The dramatic cutback has been attributed to changes in the eating habits of boomers and “a delicate global balance” in potato trading. “U.S. people are eating out less these days,” Calla Farn, McCain’s Canada spokeswoman told the Star.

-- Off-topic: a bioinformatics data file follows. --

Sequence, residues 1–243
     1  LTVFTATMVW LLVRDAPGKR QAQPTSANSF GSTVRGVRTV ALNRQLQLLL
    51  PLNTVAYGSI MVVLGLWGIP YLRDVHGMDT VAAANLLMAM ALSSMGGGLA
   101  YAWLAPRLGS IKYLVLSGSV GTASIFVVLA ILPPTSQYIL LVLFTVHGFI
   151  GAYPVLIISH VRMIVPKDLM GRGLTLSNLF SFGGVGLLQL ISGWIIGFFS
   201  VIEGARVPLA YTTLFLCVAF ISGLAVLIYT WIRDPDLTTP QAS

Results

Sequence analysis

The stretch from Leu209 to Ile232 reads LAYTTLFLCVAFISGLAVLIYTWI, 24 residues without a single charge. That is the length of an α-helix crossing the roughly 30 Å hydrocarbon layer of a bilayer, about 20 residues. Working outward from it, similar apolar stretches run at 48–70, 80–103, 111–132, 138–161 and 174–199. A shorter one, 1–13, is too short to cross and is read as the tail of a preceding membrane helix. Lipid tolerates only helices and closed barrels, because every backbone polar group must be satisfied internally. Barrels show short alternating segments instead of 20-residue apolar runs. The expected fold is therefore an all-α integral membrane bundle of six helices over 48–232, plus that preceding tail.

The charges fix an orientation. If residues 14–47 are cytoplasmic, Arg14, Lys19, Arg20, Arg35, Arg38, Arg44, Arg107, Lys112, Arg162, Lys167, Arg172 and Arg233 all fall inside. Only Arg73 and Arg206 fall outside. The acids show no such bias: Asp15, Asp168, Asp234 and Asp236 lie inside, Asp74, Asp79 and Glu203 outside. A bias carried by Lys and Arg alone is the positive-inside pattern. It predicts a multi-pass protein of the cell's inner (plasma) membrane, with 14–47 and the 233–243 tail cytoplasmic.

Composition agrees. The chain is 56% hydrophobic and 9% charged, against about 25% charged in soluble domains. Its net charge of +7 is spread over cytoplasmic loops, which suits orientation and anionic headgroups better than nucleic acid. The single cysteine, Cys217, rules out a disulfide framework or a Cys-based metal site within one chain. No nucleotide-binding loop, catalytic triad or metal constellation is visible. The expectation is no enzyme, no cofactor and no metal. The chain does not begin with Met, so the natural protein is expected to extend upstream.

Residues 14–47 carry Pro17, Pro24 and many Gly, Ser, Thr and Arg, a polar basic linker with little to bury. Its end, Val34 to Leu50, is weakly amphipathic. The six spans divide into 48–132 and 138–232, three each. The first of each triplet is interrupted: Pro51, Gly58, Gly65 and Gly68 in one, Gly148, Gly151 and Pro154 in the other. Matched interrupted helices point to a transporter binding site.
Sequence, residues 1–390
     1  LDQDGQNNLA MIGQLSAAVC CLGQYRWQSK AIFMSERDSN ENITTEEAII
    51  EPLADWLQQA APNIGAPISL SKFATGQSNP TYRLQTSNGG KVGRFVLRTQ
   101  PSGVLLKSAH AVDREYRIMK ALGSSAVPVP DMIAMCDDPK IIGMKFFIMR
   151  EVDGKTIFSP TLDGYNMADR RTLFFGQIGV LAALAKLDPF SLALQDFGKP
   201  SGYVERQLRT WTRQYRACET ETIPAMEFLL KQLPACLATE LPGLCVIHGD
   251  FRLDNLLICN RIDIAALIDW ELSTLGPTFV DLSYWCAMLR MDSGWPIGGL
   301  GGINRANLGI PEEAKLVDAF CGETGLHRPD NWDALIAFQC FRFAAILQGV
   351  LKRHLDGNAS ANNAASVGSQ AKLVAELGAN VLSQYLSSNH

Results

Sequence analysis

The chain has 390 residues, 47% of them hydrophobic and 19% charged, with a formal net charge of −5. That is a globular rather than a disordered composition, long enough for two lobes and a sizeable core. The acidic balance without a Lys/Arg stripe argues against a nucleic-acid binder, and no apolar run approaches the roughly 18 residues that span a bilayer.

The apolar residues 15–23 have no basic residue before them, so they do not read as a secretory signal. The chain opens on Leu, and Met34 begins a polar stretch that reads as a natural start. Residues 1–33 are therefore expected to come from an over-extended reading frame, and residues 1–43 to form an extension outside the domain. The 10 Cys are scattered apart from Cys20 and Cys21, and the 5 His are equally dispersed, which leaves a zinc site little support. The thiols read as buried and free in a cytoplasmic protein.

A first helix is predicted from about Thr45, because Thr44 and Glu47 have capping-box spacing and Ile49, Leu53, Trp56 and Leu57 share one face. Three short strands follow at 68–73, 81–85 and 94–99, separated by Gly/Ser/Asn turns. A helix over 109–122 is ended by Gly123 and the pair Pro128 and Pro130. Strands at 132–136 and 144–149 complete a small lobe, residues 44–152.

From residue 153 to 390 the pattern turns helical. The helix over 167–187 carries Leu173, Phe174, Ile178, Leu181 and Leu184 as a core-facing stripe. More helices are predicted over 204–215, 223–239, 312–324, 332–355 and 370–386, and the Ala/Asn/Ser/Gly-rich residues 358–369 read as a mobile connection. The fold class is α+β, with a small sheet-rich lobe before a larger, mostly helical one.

Apparently, the problem began in 2006 when, according to a NPD Group report, sales of the fried favourite began to plummet. Though experts blame the recession, according to the industry newsletter PotatoPro, fries have taken a bigger hit than many other restaurant foods.
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